SINGAPORE - Temasek Cares, the non-profit philanthropic arm of local investment company Temasek Holdings, has set aside S$60 million to support social programmes over the next five years.
This is almost triple the S$22 million that it ploughed into 67 programmes which have benefited 17,600 Singaporeans since it was started five years ago.
While Temasek Cares will continue to support programmes which help people in all life stages, its general manager, Ms Woon Saet Nyoon, said yesterday that it will "focus on helping to close the developmental gap of children from at-risk families", such as those who are less well-off.
The charity also announced a new initiative which supports the development of such children up to the age of three. Mothers will receive help during and after their pregnancy, including job support, while their children's health and learning needs will be addressed.
Temasek Cares chairman Richard Magnus said: "In order to assist in social mobility, we need to intervene earlier in the lives of the children."
The three-year pilot programme, called Temasek Cares Kids Integrated Developmental Service (Kids) 0-3, is led by Temasek Cares and KK Women's and Children's Hospital, and will bring together several community partners.
It is expected to start later this year and help 300 children in one neighbourhood before being expanded to others.
Currently, there are also other Temasek Cares programmes which help youth, the elderly, and the mentally ill. The latter, for example, receive "practical" help towards their health, family and employment needs.
Temasek Cares was set up in 2009 to commemorate the 35th anniversary of Temasek Holdings and has racked up S$289 million in endowments from the company since.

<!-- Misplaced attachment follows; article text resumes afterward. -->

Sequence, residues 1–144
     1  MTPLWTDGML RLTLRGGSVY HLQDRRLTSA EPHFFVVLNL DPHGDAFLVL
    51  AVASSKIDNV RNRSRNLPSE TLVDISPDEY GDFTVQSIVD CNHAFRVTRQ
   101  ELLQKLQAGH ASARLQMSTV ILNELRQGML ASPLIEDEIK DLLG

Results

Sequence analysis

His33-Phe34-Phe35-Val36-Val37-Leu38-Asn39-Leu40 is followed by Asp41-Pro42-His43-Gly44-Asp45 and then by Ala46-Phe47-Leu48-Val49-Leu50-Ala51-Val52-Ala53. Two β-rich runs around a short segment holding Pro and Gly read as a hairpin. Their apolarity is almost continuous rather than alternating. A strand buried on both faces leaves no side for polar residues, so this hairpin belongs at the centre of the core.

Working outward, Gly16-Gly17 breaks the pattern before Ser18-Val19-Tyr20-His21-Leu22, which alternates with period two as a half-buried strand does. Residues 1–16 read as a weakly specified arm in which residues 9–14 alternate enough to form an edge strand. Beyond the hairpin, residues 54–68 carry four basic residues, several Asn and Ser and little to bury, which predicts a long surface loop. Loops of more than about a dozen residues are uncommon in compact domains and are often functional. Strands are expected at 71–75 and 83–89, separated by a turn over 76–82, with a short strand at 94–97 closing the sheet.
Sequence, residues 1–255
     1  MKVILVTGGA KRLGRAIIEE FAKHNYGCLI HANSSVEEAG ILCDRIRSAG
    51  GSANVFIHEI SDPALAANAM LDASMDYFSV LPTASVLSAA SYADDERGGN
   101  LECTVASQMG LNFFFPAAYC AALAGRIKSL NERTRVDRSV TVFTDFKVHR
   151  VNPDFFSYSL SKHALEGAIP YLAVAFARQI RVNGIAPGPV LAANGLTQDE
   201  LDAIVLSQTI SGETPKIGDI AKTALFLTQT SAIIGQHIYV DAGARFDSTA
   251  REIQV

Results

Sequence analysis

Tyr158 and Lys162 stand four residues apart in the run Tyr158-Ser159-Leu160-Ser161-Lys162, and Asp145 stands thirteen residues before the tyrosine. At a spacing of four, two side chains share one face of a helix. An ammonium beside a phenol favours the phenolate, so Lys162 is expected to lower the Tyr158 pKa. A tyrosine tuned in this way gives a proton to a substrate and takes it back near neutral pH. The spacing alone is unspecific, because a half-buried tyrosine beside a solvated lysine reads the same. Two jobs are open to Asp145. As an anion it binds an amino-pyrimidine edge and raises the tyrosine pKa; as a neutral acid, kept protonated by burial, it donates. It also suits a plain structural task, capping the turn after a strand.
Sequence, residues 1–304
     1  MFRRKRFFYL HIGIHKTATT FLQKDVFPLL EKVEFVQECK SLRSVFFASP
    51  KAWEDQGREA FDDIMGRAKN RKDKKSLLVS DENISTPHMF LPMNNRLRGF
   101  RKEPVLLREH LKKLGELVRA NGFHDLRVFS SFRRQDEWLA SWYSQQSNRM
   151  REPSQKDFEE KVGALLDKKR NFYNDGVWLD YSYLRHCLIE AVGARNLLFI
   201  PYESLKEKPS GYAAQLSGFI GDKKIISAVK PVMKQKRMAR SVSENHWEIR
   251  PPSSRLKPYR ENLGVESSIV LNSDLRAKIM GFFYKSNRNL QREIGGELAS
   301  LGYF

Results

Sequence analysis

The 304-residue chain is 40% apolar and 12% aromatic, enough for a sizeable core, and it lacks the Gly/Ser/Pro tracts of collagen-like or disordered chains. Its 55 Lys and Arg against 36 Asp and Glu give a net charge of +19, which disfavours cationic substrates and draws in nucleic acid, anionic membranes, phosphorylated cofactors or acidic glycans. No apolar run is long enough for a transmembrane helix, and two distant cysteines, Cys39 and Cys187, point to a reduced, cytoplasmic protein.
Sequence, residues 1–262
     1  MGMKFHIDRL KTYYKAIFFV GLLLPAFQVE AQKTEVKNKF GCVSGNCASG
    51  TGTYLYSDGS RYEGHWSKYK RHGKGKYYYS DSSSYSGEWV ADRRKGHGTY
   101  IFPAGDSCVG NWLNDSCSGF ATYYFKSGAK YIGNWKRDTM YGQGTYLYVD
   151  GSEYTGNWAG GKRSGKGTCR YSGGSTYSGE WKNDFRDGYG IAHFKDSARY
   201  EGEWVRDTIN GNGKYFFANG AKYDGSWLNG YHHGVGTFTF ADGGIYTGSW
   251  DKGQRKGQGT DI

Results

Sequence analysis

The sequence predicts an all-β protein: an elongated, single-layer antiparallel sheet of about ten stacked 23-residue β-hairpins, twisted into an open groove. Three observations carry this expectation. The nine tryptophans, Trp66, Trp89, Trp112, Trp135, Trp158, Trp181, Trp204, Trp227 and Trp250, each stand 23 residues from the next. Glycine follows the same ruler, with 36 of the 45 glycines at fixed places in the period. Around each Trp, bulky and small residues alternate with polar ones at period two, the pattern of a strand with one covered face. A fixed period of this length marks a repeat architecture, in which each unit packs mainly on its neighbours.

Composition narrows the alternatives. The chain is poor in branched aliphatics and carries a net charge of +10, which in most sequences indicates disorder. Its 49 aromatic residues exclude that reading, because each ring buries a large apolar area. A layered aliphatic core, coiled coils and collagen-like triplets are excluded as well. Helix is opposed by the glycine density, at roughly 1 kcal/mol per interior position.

One beneficiary is the Asian Women's Welfare Association, which is partnering the Rainbow Centre and the National Council of Social Service in a two-year pilot programme to help children with mild autism integrate in pre-schools and primary schools.
Temasek Cares has set aside about S$350,000 for the programme. The association's director of integration services, Mr J.R. Karthikeyan, said: "I see it as an opportunity to explore a new area and address a service gap in helping children with mild autism.
"It's good that we have the funding to be able to carry out the programme."
Reaching out to help
"Stay Prepared" Starter Kit programme
An emergency starter kit - containing three N95 masks and information on emergency contact numbers - was delivered free to all 1.2 million households here in May.
Temasek Cares partnered Singapore Power and Singapore Post for the $4 million programme.
Kids in Tough Situations (Kits)
A pilot project to train 60 therapists in helping children cope with traumatic situations was launched in April.
The $1.5 million, three-year scheme is a collaboration between Temasek Cares and KK Women's and Children's Hospital.
Integration Support Programme for Pre-schoolers with Autism
The two-year pilot programme, which started late last year, aims to help 180 children with mild autism integrate in pre-schools and make the transition to primary schools.
The $350,000 programme is implemented by Rainbow Centre and the Asian Women's Welfare Association, and administered by the National Council of Social Service.
This article was first published on JULY 2, 2014.
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